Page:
How I project the lineup, with competitive spots in bold:
|WR1||Demaryius Thomas||LDE||Derek Wolfe/Malik Jackson|
|LT||Ryan Clady||NT||Sylvester Williams|
|LG||Orlando Franklin||DT||Terrance Knighton|
|C||Manny Ramirez/Will Montgomery||RDE||DeMarcus Ware|
|RG||Louis Vasquez||OLB||Von Miller|
|RT||Chris Clark||MLB||Nate Irving|
|TE||Julius Thomas||OLB||Danny Trevathan|
|WR2||Emmanuel Sanders||CB||Aqib Talib|
|WR3||Wes Welker||CB||Chris Harris Jr.|
|QB||Peyton Manning||Nickel||Kayvon Webster|
|RB||Montee Ball||SS||T.J. Ward|
|FB||Jacob Tamme *||FS||Rahim Moore|
|K||Matt Prater||P||Britton Colquitt|
The asterisk for Tamme is there because he’ll play far more snaps than a goal-line fullback in the Denver offense—and goal-line and extreme short yardage is probably the only time the Broncos will ever employ a fullback. Look for Manning to use Tamme in the slot much the same way he did with Dallas Clark in Indianapolis … With Sanders nursing his quad injury for much of camp, watch for Andre Caldwell—who has built some great chemistry with Manning despite not starting—to continue to be featured in multiple-receiver sets. Gase and Manning trust him to get open … Chris Harris won’t play much at all till opening day. He’s recovering from a torn ACL suffered in the playoff win over San Diego in January.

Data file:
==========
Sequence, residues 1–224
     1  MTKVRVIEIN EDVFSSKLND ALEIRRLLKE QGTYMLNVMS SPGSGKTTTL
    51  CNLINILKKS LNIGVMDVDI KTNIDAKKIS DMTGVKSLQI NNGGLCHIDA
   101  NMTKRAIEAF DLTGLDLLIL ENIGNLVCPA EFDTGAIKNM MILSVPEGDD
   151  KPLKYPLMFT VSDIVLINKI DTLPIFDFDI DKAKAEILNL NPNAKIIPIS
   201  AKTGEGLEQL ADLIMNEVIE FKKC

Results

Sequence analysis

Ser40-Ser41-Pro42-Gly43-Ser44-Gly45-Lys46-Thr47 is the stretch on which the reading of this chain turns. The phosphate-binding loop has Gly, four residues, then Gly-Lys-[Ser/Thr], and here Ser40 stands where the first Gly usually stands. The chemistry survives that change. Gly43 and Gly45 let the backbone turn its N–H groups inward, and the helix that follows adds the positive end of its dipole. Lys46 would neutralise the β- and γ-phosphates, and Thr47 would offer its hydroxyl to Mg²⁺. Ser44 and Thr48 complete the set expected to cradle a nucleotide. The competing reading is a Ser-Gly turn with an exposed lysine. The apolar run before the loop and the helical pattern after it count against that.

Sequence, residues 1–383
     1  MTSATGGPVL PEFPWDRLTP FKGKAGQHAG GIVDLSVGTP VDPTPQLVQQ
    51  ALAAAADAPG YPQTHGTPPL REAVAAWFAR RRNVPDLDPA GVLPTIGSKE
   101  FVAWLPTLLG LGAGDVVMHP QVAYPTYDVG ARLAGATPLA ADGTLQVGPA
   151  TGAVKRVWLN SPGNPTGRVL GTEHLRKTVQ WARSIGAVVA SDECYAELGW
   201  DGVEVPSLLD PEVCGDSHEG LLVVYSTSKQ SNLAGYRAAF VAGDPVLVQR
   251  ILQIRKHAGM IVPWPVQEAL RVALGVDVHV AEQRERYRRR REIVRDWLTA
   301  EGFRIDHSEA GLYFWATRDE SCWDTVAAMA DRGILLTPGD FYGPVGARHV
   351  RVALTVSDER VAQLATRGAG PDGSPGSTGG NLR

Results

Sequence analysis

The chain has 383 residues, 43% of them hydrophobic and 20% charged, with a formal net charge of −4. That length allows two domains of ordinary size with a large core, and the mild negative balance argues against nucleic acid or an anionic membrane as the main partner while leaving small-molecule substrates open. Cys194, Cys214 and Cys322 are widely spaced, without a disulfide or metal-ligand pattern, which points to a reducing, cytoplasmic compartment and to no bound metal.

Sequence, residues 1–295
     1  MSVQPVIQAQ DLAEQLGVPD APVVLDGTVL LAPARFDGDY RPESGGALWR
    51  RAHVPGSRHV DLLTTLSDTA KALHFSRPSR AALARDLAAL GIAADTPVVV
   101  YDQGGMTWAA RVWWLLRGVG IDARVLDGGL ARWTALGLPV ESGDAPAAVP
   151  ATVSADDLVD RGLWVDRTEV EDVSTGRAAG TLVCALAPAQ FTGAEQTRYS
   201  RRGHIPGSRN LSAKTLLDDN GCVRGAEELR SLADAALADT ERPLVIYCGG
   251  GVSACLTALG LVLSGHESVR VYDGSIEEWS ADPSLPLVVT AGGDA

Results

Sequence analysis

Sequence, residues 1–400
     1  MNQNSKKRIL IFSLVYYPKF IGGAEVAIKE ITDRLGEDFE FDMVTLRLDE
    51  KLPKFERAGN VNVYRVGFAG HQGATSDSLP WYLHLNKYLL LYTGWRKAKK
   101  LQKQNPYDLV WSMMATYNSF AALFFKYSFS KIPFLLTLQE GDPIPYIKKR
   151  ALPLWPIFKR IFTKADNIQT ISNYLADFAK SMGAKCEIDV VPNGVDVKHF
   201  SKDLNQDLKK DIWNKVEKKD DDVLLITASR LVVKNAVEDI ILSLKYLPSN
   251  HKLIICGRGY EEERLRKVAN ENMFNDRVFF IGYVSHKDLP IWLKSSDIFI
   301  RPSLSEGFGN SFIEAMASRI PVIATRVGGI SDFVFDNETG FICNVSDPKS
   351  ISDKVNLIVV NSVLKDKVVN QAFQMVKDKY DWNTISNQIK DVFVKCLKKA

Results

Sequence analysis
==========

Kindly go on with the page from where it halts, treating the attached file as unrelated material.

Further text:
Best new player in camp
Cornerback Aqib Talib. This is second straight year in a new camp (he went from the Buccaneers to the Patriots in 2013), and he’s made a seamless transition. Talib told me what’s good for his game is to experience playing against a spread offense in practice every day, after practicing against more standard schemes in Tampa and New England. He gives the Broncos the kind of physical matchup cornerback defensive coordinators want, and he proved last year that he can match up against big players, too. with his shutout of New Orleans tight end Jimmy Graham.
Strong opinion that I may regret by November
Montee Ball’s going to be a monster in this offense. With Knowshon Moreno gone and only changeup speed back Ronnie Hillman pressing for playing time, Ball could put up the number Edgerrin James put up behind Peyton Manning in Indy.
What I thought when I walked out of camp
No holes. Best team in the AFC on opening day, without question.